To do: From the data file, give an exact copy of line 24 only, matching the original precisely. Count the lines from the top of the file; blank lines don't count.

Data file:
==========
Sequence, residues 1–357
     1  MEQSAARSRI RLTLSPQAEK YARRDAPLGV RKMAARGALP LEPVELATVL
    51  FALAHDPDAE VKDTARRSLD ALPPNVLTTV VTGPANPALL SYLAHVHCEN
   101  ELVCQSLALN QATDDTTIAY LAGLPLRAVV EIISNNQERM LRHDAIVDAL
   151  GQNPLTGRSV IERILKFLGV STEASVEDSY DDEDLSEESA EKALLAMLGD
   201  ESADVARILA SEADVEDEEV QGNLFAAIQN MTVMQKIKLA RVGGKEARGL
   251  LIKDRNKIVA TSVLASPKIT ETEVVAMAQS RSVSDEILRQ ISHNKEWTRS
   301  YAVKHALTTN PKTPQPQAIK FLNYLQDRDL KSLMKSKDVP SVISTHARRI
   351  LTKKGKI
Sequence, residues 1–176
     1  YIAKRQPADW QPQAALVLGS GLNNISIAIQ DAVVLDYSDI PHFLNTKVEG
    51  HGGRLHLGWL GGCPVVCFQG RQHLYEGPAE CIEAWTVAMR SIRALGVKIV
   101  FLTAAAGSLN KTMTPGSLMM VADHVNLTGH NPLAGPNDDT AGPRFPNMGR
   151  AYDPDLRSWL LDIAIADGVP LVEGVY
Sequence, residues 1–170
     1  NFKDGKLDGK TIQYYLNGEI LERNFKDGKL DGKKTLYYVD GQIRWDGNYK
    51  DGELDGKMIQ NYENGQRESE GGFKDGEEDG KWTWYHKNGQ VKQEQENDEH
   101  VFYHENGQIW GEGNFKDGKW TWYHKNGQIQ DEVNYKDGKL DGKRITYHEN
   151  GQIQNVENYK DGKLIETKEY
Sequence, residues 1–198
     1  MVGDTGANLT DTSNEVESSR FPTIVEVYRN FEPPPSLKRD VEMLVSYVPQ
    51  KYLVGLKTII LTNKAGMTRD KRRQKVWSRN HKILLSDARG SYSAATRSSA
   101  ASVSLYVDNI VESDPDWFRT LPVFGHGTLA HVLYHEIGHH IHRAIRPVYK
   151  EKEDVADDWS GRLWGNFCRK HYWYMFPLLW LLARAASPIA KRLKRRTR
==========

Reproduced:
   151  EKEDVADDWS GRLWGNFCRK HYWYMFPLLW LLARAASPIA KRLKRRTR